Academic journal article International Advances in Economic Research

Keynote Address: U.S. Government's Efforts for Growth in Southern Africa

Academic journal article International Advances in Economic Research

Keynote Address: U.S. Government's Efforts for Growth in Southern Africa

Article excerpt

Good morning. It's a pleasure to be here today. I've been asked to speak to you about the U.S. Government's work on economic growth, particularly within Southern Africa, which is what I know best. I believe that it's important for you to know what USAID does, how the Agency goes about implementing development assistance programs, and why USAID works the way that it does.

Currently, I am the head of USAID's Southern Africa regional economic growth office. This portfolio includes South Africa's economic development bilateral program, SADC (Southern Africa Development Community), wide trade and investment activities, regional agriculture and a stand alone program in Swaziland, where USAID does not have an office presence.

My talk will focus on three areas: USAID as an Agency, USAID programs in the region, and the issues and constraints to effective economic growth assistance that development partners keep seeing over and over again. Please take my remarks as just that, my remarks. I do not speak on behalf of the U.S. Government, but as a development professional with 20 some years of experience in the field.

First, USAID is the U.S. Government's foremost international development agency. The Agency maintains technical expertise in all sectors and works through contractors and grantees, both local and international, who implement USAID programs on the ground. Like all U.S. agencies and as part of the government, the Agency's work is funded by the U.S. taxpayer. While most Americans believe that more than 10% of the federal government's budget is spent on foreign aid, it is in fact less than one-half of 1% of budget outlays. In 2001, federal budget outlays stood at $1,863.2 billion of which $11.42 billion went to aid overseas. During the tenure of President Bush, federal outlays grew by an annual growth rate of 6.6% from $1,863.2 billion in 2001 to $2,931.2 billion in 2008. Notwithstanding this fact, official development assistance to Africa (ODA) went from $1.3 billion in 2001 to $5 billion in 2008 under Bush or an annual growth rate of 21.2%. It is scheduled to reach $8.7 billion in 2010.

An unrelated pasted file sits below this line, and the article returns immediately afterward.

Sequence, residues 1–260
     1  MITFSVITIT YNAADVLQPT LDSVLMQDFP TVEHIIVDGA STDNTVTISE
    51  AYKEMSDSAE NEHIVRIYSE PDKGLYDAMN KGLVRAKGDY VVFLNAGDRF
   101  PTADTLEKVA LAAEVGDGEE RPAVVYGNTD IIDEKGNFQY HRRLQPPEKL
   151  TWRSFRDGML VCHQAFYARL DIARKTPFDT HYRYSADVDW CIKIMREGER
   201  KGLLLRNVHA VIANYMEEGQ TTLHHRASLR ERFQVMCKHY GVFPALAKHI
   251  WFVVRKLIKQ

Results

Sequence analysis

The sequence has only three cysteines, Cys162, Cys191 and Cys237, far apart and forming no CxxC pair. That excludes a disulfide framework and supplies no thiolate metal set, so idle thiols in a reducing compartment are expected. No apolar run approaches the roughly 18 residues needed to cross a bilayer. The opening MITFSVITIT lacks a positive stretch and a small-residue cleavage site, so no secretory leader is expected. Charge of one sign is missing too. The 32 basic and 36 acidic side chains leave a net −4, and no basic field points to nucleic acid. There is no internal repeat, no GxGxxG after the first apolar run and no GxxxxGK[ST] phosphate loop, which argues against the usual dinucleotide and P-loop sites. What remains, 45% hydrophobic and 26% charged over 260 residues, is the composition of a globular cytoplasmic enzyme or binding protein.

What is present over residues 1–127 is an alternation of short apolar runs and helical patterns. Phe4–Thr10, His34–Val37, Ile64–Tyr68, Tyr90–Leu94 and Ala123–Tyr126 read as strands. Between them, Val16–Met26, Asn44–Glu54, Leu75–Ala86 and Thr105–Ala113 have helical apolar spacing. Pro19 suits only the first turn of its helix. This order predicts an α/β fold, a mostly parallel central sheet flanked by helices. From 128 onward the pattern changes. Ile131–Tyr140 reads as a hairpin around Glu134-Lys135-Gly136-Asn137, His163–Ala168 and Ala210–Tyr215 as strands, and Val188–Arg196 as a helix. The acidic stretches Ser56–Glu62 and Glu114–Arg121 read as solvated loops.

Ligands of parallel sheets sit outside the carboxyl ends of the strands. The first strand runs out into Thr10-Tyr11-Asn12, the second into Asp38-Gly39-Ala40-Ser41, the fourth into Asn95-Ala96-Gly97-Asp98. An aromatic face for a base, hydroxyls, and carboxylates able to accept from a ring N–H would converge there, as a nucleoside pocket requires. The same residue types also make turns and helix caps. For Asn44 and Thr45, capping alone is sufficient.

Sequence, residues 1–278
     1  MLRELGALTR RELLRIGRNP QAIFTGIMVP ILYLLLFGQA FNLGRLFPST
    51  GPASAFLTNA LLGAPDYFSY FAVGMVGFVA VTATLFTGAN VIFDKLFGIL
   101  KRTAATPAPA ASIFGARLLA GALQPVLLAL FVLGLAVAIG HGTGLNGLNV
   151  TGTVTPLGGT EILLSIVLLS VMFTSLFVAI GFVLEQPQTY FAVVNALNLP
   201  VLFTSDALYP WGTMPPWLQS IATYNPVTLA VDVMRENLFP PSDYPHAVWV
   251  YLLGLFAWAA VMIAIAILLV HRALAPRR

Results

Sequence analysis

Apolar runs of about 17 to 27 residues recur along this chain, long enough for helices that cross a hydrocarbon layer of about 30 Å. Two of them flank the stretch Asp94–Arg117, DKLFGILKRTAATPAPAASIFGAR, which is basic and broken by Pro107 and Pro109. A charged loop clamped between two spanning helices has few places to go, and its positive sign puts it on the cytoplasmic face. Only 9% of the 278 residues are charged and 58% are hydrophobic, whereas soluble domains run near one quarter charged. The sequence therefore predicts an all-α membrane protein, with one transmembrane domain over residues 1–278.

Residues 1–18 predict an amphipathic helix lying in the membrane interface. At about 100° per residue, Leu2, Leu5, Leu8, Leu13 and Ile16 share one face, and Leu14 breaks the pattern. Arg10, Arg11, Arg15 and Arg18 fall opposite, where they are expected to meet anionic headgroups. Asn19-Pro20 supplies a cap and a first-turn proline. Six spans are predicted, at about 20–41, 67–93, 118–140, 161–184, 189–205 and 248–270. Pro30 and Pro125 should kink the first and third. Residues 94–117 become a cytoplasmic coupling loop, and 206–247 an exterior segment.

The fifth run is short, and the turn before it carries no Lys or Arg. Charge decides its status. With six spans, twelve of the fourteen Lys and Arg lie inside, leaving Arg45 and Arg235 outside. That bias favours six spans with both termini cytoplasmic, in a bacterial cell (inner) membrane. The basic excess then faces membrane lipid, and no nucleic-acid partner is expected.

Aside from government development assistance, the private sector does play a significant role in channeling resources for development. Total private resource flow from the United States to developing countries worldwide reached $709 billion or 5.3% of US GDP in 2006, with private sector investment and remittances accounting for more than 85% of total all resource flows. More recently, other U.S. Government agencies have begun providing development assistance. These include, Departments of Agriculture, Commerce, Treasury, and Energy to name a few. USAID always tries to coordinate efforts between agencies, but as more and more agencies enter the field of international development, this becomes more difficult.

In almost all cases, USAID begins its program design process by consultations with host government bodies and/or the private sector, with the vast majority of USAID programs being implemented under bilateral agreements or agreements with regional governing bodies. In the case of Southern Africa, USAID has agreements with SADC (1) and several bilateral governments and organizations. With a recent change in the U.S. Foreign Assistance Framework, funding levels and programming sectors are somewhat predetermined by where a country falls on the development continuum: from failed states to sustainable partners.

With respect to the economic growth objective of USAID, its activities fall within five areas: trade and investment, infrastructure, private sector competitiveness, agriculture and environment. As you can imagine, activity designs often overlap these areas to form an integrated program. The Paris Declaration on Aid Effectiveness drives the process whereby donors, host governments, and regional bodies agree on areas of assistance as the host government and all stakeholders take ownership of the programs. …

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